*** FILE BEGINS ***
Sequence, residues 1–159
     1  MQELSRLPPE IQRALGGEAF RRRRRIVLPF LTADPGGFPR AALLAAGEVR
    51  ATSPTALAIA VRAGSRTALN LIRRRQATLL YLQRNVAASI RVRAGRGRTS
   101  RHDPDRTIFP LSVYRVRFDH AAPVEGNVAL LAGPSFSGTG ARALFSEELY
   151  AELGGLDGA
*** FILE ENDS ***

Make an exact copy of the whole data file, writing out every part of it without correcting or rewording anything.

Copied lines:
Sequence, residues 1–159
     1  MQELSRLPPE IQRALGGEAF RRRRRIVLPF LTADPGGFPR AALLAAGEVR
    51  ATSPTALAIA VRAGSRTALN LIRRRQATLL YLQRNVAASI RVRAGRGRTS
   101  RHDPDRTIFP LSVYRVRFDH AAPVEGNVAL LAGPSFSGTG ARALFSEELY
   151  AELGGLDGA